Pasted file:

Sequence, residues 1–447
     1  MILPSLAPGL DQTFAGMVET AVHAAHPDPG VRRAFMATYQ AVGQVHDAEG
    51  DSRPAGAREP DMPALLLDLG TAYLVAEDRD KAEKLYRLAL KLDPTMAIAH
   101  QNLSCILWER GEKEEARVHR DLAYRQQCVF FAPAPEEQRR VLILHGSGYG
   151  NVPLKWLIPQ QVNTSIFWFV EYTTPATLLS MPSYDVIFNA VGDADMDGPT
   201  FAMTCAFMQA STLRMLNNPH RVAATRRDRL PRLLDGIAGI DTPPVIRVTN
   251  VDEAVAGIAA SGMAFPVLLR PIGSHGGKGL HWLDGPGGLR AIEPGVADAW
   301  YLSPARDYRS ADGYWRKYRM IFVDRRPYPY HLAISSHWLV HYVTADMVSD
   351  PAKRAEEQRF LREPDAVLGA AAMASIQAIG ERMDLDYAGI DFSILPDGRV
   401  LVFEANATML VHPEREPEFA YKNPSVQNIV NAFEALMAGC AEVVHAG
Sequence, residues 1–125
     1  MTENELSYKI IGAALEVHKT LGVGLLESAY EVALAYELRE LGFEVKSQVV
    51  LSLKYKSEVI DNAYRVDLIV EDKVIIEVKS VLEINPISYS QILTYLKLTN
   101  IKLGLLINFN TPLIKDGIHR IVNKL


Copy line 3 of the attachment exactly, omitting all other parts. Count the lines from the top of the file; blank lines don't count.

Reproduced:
    51  DSRPAGAREP DMPALLLDLG TAYLVAEDRD KAEKLYRLAL KLDPTMAIAH